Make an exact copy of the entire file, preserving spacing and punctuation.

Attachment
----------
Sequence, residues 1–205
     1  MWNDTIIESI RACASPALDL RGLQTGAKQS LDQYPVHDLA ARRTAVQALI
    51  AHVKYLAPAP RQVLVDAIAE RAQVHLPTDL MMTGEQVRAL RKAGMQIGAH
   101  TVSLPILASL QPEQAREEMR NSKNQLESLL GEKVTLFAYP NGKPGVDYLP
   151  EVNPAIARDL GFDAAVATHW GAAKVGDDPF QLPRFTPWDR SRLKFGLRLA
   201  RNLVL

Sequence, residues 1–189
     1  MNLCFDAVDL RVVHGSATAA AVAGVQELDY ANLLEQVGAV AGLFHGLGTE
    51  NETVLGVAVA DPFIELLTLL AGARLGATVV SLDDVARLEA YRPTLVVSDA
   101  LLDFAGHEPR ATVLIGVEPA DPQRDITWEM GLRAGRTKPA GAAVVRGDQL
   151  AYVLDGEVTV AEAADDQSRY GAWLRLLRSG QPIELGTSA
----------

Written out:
Sequence, residues 1–205
     1  MWNDTIIESI RACASPALDL RGLQTGAKQS LDQYPVHDLA ARRTAVQALI
    51  AHVKYLAPAP RQVLVDAIAE RAQVHLPTDL MMTGEQVRAL RKAGMQIGAH
   101  TVSLPILASL QPEQAREEMR NSKNQLESLL GEKVTLFAYP NGKPGVDYLP
   151  EVNPAIARDL GFDAAVATHW GAAKVGDDPF QLPRFTPWDR SRLKFGLRLA
   201  RNLVL

Sequence, residues 1–189
     1  MNLCFDAVDL RVVHGSATAA AVAGVQELDY ANLLEQVGAV AGLFHGLGTE
    51  NETVLGVAVA DPFIELLTLL AGARLGATVV SLDDVARLEA YRPTLVVSDA
   101  LLDFAGHEPR ATVLIGVEPA DPQRDITWEM GLRAGRTKPA GAAVVRGDQL
   151  AYVLDGEVTV AEAADDQSRY GAWLRLLRSG QPIELGTSA